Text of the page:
9781940777405-1940777402-Downward Bound: A Mad! Guide to Rock Climbing

Downward Bound: A Mad! Guide to Rock Climbing

ISBN-13: 9781940777405
ISBN-10: 1940777402
Edition: Illustrated
Author: Harding, Warren, Knauth, Beryl
Publication date: 2016
Publisher: Joseph Reidhead & Company Publishers
Format: Paperback 220 pages
FREE shipping on ALL orders

Book details

ISBN-13: 9781940777405
ISBN-10: 1940777402
Edition: Illustrated
Author: Harding, Warren, Knauth, Beryl
Publication date: 2016
Publisher: Joseph Reidhead & Company Publishers
Format: Paperback 220 pages

Summary

Acknowledged authors Harding, Warren, Knauth, Beryl wrote Downward Bound: A Mad! Guide to Rock Climbing comprising 220 pages back in 2016. Textbook and eTextbook are published under ISBN 1940777402 and 9781940777405. Since then Downward Bound: A Mad! Guide to Rock Climbing textbook was available to sell back to BooksRun online for the top buyback price or rent at the marketplace.

Description

Downward Bound is Warren Harding's offbeat and inventive climbing classic. Harding gives readers an introduction to climbing and recounts his first ascents of the Nose and the Wall of the Early Morning Light on El Capitan in Yosemite Valley. The introduction to rock climbing and big walls is farcical. The tales of his ascents are vivid. And throughout he strives to return some of the fun to climbing through humorous story telling of the climbing culture of the 60s and 70s. Downward Bound is a testament to the rebellious and magnetic Batso.Excerpt:Why do people climb? How the hell do I know? Answers to this perennial question range from Mallory’s rather facetious (I think) “Because it’s there” to (again) Mallory’s enigmatic “If you ask the question, there can be no answer.”Personally, I dig another version of Mallory’s statement. Like, “We climb because it’s there and we’re mad!” How else could you explain freezing your ass off, battling heat and thirst, scaring yourself to death just to get up some rock face or mountain peak. Rock climbing is especially questionable in this respect. In basic mountain climbing the object is to reach the summit by any or the easiest route possible. In rock climbing it’s not really necessary to reach a summit; the game seems to amount to finding the most difficult ways of getting nowhere.Selected Text from the IntroductionIn the fall of 1970, newspapers, television, and the other news media carried a continuing account of how (according to the media) "two men played out a tense drama of life and death struggle on a mountain ..."I am one of those two men (the short, clean-cut looking fellow).The amount of press coverage and public interest in this climb was simply amazing! Why? In this present day, when great climbing exploits are becoming almost commonplace, what was the big deal? No one really knows. Sure, the Wall of the Early Morning Light on El Capitan was a damned impressive route, on perhaps the best-known rock face in the United States, if not the world; there had been three previous unsuccessful attempts by other parties. Also true that our ascent took more than twice as long as any previous rock climb. But still, this shouldn't really account for the unprecedented wave of public interest. Perhaps it was the storms, the desperate situation with the food. More likely, it was the unasked-for (and firmly refused) rescue thing that caught the public fancy.Some felt that it was merely a result of a slack period in the overall news scene. Then, of course, there's a certain leading figure in the so-called climbing community who made dark comments about "Harding's adroit use of the press"—apparently he believed that I had actually rigged the whole thing with the press! If only that were true—I'd surely be in great demand for high-paying jobs in public relations! There was considerable reaction from climbers in the United States and Europe—rock-climbing "purists" were outraged by some of the techniques and equipment we employed on the wall, and some found the attendant publicity most offensive.Whatever prompted it, the interest was definitely there. Still is for that matter! In the years since the climb I've answered thousands of questions from the media and from audiences at university and outing-club lectures, not only about the El Cap climb but also about climbing in general. Why do you climb? How do you get started? Is it dangerous? What's this thing about climbing ethics—the controversy about bolts? How do you sleep hanging on a sheer vertical wall? What's the sense in all this? Or even the darkest secret of all: How do you go potty up there?In Downward Bound I'll try to shed some light on the fun and games known as rock climbing. ...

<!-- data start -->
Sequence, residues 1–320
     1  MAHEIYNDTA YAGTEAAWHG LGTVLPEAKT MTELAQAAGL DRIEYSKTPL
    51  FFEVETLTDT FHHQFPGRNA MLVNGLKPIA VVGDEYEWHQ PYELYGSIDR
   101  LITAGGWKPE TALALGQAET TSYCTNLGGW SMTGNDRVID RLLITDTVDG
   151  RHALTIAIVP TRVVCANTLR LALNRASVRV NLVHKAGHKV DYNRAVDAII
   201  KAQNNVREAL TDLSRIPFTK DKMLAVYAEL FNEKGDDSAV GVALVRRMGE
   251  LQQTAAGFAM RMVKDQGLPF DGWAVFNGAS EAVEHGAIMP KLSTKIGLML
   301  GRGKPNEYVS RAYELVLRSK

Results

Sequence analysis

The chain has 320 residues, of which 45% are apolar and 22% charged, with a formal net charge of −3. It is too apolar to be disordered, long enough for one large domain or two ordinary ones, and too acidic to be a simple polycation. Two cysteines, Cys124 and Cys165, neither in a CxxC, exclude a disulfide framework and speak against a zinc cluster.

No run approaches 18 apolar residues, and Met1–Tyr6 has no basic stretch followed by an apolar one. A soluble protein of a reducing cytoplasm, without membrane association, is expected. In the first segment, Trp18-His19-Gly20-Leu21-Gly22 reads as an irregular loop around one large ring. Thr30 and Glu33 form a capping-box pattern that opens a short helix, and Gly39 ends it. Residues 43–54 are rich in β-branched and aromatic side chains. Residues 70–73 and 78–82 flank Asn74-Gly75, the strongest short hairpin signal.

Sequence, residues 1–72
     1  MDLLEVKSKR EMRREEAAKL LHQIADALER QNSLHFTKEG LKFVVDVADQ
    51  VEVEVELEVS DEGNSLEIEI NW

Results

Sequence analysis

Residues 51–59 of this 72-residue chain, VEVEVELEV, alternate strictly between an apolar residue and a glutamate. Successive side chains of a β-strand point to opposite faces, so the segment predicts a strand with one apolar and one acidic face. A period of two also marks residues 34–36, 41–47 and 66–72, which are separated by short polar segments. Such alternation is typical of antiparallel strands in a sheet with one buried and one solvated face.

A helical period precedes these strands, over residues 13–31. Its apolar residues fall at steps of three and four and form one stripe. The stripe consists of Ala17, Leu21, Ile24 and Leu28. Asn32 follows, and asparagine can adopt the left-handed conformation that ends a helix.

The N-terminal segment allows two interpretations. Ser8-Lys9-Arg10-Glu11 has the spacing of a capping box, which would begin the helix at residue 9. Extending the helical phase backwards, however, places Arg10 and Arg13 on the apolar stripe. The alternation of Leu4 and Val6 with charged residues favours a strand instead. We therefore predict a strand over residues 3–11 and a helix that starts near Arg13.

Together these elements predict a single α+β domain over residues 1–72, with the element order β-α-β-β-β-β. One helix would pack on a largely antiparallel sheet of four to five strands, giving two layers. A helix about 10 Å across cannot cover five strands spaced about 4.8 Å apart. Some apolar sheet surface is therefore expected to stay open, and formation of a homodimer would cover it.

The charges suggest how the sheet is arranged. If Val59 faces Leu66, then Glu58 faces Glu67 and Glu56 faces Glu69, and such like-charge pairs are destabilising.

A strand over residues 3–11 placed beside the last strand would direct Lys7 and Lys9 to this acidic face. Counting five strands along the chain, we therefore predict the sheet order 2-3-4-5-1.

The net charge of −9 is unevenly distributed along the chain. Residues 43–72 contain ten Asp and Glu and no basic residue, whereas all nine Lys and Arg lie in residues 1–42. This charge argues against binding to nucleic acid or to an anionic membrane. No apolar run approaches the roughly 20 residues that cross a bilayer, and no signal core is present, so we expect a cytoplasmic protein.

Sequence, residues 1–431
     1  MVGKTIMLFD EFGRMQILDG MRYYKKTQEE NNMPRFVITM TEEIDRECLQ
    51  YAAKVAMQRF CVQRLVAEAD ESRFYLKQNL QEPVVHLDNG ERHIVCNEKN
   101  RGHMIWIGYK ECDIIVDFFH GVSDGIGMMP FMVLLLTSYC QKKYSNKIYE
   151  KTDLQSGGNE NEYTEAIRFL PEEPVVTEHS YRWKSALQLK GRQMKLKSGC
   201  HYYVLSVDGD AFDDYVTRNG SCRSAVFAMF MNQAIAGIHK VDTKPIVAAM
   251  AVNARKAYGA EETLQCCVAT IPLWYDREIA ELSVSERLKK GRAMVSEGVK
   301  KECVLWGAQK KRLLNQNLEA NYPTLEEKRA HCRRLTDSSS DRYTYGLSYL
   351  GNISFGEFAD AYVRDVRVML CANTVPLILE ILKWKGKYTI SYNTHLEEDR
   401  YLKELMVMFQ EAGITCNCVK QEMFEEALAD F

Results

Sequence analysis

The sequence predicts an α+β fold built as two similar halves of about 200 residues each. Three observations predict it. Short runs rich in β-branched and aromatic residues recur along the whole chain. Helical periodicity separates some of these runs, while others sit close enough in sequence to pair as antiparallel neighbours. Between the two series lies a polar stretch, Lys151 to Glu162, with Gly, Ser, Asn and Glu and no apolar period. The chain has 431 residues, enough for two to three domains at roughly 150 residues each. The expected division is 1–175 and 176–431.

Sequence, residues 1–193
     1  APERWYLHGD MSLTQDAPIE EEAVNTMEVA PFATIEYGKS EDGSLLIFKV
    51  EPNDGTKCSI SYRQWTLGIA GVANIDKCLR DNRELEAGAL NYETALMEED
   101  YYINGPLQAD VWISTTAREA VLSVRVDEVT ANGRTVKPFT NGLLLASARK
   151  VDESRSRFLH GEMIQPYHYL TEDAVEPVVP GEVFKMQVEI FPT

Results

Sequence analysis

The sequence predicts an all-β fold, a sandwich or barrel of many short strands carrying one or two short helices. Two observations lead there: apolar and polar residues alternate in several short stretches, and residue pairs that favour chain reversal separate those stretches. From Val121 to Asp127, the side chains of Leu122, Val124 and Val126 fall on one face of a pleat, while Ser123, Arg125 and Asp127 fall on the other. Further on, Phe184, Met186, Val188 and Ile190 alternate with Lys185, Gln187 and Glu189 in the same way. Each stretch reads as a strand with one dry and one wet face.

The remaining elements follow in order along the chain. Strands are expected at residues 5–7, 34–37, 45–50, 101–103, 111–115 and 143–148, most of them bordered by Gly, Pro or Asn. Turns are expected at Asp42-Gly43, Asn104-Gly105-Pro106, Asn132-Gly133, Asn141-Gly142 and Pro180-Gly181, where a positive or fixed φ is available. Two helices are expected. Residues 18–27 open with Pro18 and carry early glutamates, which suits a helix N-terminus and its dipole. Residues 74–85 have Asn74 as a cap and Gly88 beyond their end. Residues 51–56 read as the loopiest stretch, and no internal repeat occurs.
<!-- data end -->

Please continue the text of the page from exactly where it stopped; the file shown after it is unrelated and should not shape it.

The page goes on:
Rate this book Rate this book

We would LOVE it if you could help us and other readers by reviewing the book